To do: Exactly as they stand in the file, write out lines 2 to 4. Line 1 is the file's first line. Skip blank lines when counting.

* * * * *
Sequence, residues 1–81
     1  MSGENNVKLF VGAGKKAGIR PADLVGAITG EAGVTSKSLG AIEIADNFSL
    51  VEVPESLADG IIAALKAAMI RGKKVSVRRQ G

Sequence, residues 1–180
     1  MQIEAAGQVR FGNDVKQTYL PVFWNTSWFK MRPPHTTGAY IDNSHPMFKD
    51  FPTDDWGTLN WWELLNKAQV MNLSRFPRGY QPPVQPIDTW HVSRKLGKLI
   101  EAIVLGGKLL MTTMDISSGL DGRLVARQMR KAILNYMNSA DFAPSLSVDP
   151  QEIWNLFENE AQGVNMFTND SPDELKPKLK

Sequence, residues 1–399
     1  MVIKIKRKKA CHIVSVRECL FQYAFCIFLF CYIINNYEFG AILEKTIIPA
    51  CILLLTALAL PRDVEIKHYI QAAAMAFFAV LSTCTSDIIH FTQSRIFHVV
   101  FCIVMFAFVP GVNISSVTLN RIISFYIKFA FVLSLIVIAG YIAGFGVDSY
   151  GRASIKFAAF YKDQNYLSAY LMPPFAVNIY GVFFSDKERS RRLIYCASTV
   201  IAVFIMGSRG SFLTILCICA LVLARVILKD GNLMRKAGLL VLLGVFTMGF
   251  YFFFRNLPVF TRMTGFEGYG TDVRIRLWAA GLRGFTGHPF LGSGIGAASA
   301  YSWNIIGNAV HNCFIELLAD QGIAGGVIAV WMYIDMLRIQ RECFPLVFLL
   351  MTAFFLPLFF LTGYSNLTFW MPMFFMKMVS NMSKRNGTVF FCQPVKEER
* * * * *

     1  MSGENNVKLF VGAGKKAGIR PADLVGAITG EAGVTSKSLG AIEIADNFSL
    51  VEVPESLADG IIAALKAAMI RGKKVSVRRQ G

Sequence, residues 1–180